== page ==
Vida - Blog

Vida spays/neuters cats and dogs to save turtles

The Sea Turtle Conservancy has worked for the conservation of endangered sea turtles in Costa Rica since 1959. Tortuguero hosts the largest green turtle rookery in the Western Hemisphere and also important nesting populations of leatherback and hawksbill turtles. The Costa Rican legislature declared Tortuguero National Park in 1975 to protect the nesting turtles, the beach and the adjacent terrestrial habitats. 

Sea turtles can lay thousands of eggs over their lifetime, however, it is estimated that only 1 in 1,000 to 10,000 will survive to adulthood. The natural obstacles faced throughout their life cycle are staggering, but it is the increasing threats caused by humans that are driving these endangered animals to extinction. 

Natural predators such as raccoons, crabs and ants raid eggs and hatchlings still in the nest. Once they emerge, hatchlings make bite-sized meals for birds, crabs and a host of predators in the ocean. After reaching adulthood, sea turtles are relatively immune to predation, except for the occasional shark attack. These natural threats, however, are not the reasons sea turtle populations have plummeted toward extinction, but rather a host of human-caused threats such as harvest for consumption, trade of sea turtle shells, incidental capture for commercial fishing, ingestion and entanglement in marine debris, light pollution, beach development and erosion and predation from invasive species such as domesticated dogs and cats. These animals will devour eggs and hatchlings and even attack nesting turtles. Free roaming animals can dig up several nests in one night, which can have a devastating effect on sea turtle populations. Therefore, Vida along with several organizations and volunteers participated in a two day spay and neuter program to help educate pet owners and control animal populations on this small sand bar island.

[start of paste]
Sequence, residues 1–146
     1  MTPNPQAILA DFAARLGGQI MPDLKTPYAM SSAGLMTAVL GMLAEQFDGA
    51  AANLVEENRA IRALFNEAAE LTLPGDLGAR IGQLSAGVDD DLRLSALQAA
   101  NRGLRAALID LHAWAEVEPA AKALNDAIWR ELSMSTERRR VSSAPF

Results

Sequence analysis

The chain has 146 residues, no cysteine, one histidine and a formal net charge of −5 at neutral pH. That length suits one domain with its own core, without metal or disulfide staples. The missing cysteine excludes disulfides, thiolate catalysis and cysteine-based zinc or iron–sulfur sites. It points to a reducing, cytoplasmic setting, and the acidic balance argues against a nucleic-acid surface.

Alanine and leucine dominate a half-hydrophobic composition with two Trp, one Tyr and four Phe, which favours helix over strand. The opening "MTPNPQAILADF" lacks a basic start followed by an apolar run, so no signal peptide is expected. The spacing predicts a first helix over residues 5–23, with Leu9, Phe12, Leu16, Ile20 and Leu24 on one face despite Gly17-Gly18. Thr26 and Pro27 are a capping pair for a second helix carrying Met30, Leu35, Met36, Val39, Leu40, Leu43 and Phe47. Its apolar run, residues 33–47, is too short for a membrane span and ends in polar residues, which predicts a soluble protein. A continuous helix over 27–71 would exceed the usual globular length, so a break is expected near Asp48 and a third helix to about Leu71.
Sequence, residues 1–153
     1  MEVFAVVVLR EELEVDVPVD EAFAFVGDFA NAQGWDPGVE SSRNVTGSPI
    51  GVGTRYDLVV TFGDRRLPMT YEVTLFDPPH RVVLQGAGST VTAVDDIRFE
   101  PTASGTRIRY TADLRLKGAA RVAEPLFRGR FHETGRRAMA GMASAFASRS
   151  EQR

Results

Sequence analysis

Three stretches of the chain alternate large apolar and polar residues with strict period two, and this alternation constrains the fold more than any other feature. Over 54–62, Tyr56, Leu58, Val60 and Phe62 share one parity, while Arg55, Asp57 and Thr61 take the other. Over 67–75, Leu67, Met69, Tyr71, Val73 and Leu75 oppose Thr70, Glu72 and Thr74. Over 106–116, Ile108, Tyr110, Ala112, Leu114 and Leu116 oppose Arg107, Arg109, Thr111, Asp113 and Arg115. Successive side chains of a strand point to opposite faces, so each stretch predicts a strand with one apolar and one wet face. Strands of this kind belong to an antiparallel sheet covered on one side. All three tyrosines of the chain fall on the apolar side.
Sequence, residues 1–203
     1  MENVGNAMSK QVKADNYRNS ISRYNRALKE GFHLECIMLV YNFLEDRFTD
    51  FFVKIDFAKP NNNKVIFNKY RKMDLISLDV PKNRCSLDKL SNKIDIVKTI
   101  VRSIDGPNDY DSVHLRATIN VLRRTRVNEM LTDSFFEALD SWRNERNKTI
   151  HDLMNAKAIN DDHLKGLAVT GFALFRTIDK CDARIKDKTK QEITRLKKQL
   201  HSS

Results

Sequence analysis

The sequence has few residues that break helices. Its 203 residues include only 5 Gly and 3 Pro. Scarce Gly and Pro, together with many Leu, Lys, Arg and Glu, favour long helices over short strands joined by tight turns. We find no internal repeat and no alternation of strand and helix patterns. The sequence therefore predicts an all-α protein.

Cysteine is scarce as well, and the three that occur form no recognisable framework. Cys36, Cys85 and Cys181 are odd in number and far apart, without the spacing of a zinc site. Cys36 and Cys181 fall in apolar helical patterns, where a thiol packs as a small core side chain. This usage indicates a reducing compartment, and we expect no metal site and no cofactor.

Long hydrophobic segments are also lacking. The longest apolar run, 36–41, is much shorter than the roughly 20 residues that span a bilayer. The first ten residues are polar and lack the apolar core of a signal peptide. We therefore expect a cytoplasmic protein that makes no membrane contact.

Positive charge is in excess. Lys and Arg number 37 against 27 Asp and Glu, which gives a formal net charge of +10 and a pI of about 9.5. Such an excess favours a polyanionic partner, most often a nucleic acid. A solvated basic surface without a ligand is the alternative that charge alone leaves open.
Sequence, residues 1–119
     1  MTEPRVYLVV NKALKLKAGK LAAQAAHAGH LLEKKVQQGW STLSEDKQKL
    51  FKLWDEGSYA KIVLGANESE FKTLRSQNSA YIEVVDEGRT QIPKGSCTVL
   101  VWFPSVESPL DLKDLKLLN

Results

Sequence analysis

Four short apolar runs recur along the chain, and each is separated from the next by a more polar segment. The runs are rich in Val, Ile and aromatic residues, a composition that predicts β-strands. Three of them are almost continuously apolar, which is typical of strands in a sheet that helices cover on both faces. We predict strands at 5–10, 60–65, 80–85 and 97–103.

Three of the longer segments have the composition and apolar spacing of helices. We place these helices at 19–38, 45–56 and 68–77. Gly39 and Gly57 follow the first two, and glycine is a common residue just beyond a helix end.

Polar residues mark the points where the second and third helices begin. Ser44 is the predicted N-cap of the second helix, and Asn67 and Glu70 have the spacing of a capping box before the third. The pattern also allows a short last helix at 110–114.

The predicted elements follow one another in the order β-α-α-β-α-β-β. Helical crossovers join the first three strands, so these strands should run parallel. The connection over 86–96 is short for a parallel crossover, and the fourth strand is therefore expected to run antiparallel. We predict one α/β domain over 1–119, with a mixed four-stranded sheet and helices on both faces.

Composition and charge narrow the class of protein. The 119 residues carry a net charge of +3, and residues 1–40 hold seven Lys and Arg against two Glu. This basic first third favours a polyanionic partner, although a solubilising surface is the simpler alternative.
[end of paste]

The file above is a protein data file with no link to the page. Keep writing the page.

Vida is grateful for this opportunity and greatly appreciates the collaboration of the following organizations, companies and hardworking volunteers:

Sea Turtle Conservancy (David Aparici), Legatos Mundi (Lorena Barrantes), Laguna Lodge (Marissa Valverde), Esteban Flores (land transportation),  Dr. Mario Mairena, Dr. Julian Woodley, Laurie Shacknove, Ashley Suarez and Gerson Solano.